I have yet to understand in Irish Traditional music we refer to instrumental music as tunes and music with words as songs. This is a nomenclature I've not run into in other genres. But it is a definite "thing" in Irish Trad.


It’s a thing everywhere. Ask yourself how weird it feels if you say ”sing a tune” or ”whistle a song”! Actually I suppose you could whistle a birdsong but that’s a different species altogether.



It is true, but in the American folk tradition, most classical, jazz, kid's classical and band music and many other folk traditions, often everything is a song, though in some context referred to as a tune. It is not uncommon to be at a concert and hear an artist refer to the next piece he is going to do as a song, only to hear a completely instrumental number.

When I was a kid in band or taking piano lessons, my teachers would say, "I think we're ready for a new song" all the time. We hadn't been singing anything. And the new piece on the next page didn't have words either. :D

And you are right colloquially: whistle a tune is a more common phrase. When I was in high school myself and a friend of mine worked up a nice whistling duet for the Star Spangled Banner complete with complex harmonies and hitting all those high notes. It was great fun. And most band directors would likely refer that as a song, tune, piece, march or anthem if they were introducing it in a concert or they were handing out the sheet music whether or not it was performed by two kids whistling, a brass band or there were any singers scheduled to appear in the concert. While in the trad tradition if we had a piece that was sometimes played by instruments only or sometimes sung by a singer, it would be referred to specifically as a song or a tune depending on whether a voice or only instruments were in the mix.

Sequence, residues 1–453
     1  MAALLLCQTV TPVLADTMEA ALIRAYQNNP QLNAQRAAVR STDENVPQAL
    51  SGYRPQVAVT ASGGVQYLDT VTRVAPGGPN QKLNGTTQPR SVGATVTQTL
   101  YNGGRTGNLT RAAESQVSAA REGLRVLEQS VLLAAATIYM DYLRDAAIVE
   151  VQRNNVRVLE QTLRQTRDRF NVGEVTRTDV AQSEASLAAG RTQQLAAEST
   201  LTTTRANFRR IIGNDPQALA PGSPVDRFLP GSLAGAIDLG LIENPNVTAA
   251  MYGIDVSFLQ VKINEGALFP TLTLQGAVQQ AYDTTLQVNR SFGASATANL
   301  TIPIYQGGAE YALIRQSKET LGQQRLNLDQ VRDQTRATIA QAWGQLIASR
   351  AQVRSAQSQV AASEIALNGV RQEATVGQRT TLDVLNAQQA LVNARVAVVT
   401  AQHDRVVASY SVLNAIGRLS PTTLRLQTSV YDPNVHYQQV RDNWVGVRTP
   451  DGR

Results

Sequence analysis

I know when my kids were learning cello, violin, saxophone, guitar, piano, non-trad banjo et al, each piece was referred to as a song or a piece, seldom as a tune.. "We are going to begin a new song on page x. (Again, no one was singing.) :D

In bluegrass, folk, pop or old time music concerts I have attended I have often heard one artist on stage turn to another and say, "Give us a tune" only to hear them sing a song.

Seldom have I heard the word tune or song relating to any specific piece of music as distinctly and specifically as I have in Irish Trad.

I'm no musicologist but do find it interesting.

It is a great tool for learning and communicating in this specific tradition. The distinction is a clear and useful way to function in a session setting. :D


Please forgive me malingan for hijacking this post. You will find it often happens and is usually done in the spirit of fun and sharing. :D

And yes, I'd recommend the Bb whistle. :D :thumbsup:


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PostPosted: Mon Oct 21, 2019 7:20 pm 
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pancelticpiper wrote:
maiingan wrote:
I've memorized the Isle of Skye